A novel risk score for hepatocellular carcinoma in Asian cirrhotic patients: a multicentre prospective cohort study.
ABSTRACT: Liver cirrhotic patients suffer from a seemingly unpredictable risk of hepatocellular carcinoma (HCC). Here, an HCC risk score R (0???R???1) was derived from commonly tested haematological and biochemical parameters. In the score-derivation Taiwanese cohort (144 cirrhosis versus 48 HCC-remission patients), the score had an area-under-the-curve (AUC) of 0.70 (95% confidence interval [CI], 0.61-0.78, P?
Project description:Whether tenofovir disoproxil fumarate (TDF) is superior to entecavir in lowering the risk of hepatocellular carcinoma (HCC) development remains controversial. This retrospective study compared the incidences of HCC, cirrhotic events, and mortality between patients treated with entecavir and TDF. The study enrolled 1560 chronic hepatitis B (CHB) patients with cirrhosis from 2008 through 2018. All patients received entecavir or TDF monotherapy for at least 12 months before enrollment. Patients who had HCC or liver transplantation at initial treatment or within the first year of entecavir or TDF therapy were excluded. In the entire cohort, the cumulative incidence rates of HCC at 3, 5, and 10 years were 9.5%, 15.2%, and 25.4%, respectively. The entecavir group had a higher cumulative incidence of HCC than the TDF group (<i>P</i> = 0.001). A Cox regression analysis showed that entecavir group, old age, male sex, hepatic decompensation, diabetes mellitus, lower albumin levels, and platelet count were independent predictors of HCC. TDF treatment was significantly associated with a lower risk of HCC compared to entecavir treatment after adjustment with propensity score matching or inverse probability of treatment weighting in all patients. However, this association was not observed in patients with compensated cirrhosis at entry or patients enrolled after 2011, including after adjustment with propensity score matching or inverse probability of treatment weighting. No significant differences were observed in cirrhotic events and mortality or liver transplantation between the entecavir and TDF groups. In conclusion, the incidences of HCC did not differ significantly between patients with compensated cirrhosis or those enrolled over the same period treated with entecavir or TDF.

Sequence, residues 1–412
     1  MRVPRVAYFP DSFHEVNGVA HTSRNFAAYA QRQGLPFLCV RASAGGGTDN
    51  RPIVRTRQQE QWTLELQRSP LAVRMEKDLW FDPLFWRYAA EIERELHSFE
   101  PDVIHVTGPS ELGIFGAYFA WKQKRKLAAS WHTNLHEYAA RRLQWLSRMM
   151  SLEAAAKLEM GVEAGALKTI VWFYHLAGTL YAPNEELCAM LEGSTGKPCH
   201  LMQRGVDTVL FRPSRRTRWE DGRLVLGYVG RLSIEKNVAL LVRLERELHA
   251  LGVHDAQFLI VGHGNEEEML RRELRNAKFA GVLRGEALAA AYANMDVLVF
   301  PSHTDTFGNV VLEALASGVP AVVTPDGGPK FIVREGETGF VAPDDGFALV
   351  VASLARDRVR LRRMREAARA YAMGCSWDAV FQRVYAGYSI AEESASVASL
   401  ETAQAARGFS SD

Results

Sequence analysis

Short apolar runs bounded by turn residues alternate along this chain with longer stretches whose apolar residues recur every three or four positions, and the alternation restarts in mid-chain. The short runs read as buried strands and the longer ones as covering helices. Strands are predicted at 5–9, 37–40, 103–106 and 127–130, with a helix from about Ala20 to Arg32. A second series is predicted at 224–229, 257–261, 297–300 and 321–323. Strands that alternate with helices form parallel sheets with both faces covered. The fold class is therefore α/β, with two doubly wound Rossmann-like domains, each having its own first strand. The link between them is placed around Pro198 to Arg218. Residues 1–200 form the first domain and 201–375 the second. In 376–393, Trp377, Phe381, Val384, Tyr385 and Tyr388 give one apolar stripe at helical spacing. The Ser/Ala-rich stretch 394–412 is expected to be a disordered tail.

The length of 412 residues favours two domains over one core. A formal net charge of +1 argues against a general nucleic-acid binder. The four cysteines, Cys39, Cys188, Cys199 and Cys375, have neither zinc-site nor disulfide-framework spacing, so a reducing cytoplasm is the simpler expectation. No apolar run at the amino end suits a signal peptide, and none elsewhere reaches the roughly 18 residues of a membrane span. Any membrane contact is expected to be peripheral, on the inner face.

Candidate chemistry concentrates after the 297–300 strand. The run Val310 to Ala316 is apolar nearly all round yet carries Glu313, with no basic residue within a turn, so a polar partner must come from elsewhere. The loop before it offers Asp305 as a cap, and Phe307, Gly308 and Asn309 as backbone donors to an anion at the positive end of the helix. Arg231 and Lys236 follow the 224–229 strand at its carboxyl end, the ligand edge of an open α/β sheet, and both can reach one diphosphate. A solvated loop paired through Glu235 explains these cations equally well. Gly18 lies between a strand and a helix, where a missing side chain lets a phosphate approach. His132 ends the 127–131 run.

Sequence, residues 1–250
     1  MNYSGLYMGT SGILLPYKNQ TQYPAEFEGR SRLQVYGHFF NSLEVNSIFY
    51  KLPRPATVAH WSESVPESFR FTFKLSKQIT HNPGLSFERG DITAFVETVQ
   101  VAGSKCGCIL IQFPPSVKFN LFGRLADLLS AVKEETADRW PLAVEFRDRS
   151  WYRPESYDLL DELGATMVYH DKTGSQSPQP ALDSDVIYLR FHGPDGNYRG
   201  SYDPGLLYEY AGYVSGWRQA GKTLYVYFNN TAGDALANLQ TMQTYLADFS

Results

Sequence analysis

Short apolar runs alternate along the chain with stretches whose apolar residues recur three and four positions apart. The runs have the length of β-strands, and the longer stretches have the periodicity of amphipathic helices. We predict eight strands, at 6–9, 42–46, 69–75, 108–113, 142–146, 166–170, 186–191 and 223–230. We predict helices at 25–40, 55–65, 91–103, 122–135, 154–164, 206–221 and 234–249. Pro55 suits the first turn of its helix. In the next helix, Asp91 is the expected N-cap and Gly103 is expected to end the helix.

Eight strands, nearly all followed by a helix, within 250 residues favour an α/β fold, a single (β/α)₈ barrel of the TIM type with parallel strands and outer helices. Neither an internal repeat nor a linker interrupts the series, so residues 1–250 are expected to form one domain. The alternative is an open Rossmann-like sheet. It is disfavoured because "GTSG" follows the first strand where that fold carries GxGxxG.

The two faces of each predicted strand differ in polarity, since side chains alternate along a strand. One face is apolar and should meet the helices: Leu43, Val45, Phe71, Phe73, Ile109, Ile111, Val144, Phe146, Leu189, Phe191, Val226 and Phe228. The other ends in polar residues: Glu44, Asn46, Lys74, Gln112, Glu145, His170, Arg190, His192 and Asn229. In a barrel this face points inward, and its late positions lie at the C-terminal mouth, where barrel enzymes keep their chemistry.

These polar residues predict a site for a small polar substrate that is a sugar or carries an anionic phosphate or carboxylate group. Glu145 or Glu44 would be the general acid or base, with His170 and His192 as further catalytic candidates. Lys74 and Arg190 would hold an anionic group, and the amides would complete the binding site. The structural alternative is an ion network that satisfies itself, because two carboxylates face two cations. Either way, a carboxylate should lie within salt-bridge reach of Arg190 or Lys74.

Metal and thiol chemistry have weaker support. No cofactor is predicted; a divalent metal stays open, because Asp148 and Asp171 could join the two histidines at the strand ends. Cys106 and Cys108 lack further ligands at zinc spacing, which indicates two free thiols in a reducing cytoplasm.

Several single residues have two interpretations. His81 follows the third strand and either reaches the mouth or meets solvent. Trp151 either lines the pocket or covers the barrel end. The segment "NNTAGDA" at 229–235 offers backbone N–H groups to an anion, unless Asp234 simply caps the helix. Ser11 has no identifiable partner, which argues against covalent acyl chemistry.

Project description:With the availability of potent antiviral therapies, complete suppression of hepatitis B virus (HBV) replication and total eradication of hepatitis C virus (HCV) can now be achieved. Despite these advances, hepatocellular carcinoma (HCC) still develops in a substantial proportion of cirrhotic patients, suggesting that host factors remain critical. Dysregulation of miRNAs is noted in many cancers, and circulating miRNAs can be readily assayed. In this study, we aimed to develop a circulating miRNA signature to assess the risk of HCC in cirrhotic patients. We first discovered that HBV- and HCV-related cirrhotic patients had distinguishable circulating miRNA profiles. A cohort of 330 cirrhotic patients was then compared against a cohort of 42 early HCC patients with complete remission. A score comprising 5 miRNAs and a binary etiology variable was established that was capable of differentiating between these two groups (AUC?=?72.5%, P?<?0.001). The 330 cirrhotic patients were further stratified into high- and low-risk groups, and all patients were longitudinally followed for 752 (11-891) days. Of them, 19 patients developed HCC. The high-risk group had significantly higher cumulative HCC incidence (P?=?0.038). In summary, a circulating miRNA-based score was developed that is capable of assessing HCC risks in cirrhotic patients.
Project description:The relation between aflatoxin B1 (AFB1 ) and cirrhosis in chronic carriers of hepatitis B virus (HBV) remains inconclusive. This case-control study nested in a large community-based cohort aimed to assess the effect of AFB1 exposure on cirrhosis and HCC in chronic HBV carriers. Serum AFB1 -albumin adduct levels at study entry were measured in 232 cirrhosis cases, 262 HCC cases and 577 controls. Multivariate-adjusted odds ratios (aORs) and 95% confidence intervals (95% CIs) were estimated using logistic regression. Among all chronic HBV carriers, the time intervals between study entry and diagnosis of HCC, cirrhosis, cirrhotic HCC, and non-cirrhotic HCC were all significantly (p?<?0.0001) shorter in participants with high serum levels of AFB1 -albumin adducts than those with low/undetectable levels. There were significant dose-response relations with serum AFB1 -albumin adduct level at study entry for cirrhosis (p-trend?=?0.0001) and cirrhotic HCC (p-trend?<?0.0001) newly diagnosed within 9 years after entry as well as non-cirrhotic HCC (p-trend?=?0.021) newly diagnosed within 4 years after entry. The aORs (95% CIs) for high versus undetectable serum AFB1 -albumin adduct levels were 2.45 (1.51-3.98) for cirrhosis (p?=?0.0003), 5.47 (2.20-13.63) for cirrhotic HCC (p?=?0.0003), and 5.39 (1.11-26.18) for non-cirrhotic (p?=?0.0368) HCC, respectively. There remained a significant dose-response relation between serum AFB1 -albumin adduct level and HCC risk (p-trend?=?0.0291) in cirrhosis patients, showing an aOR (95% CI) of 3.04 (1.11-8.30) for high versus undetectable serum levels (p?=?0.0299). It is concluded that AFB1 exposure may increase the risk of cirrhosis and HCC in a dose-response manner among chronic HBV carriers.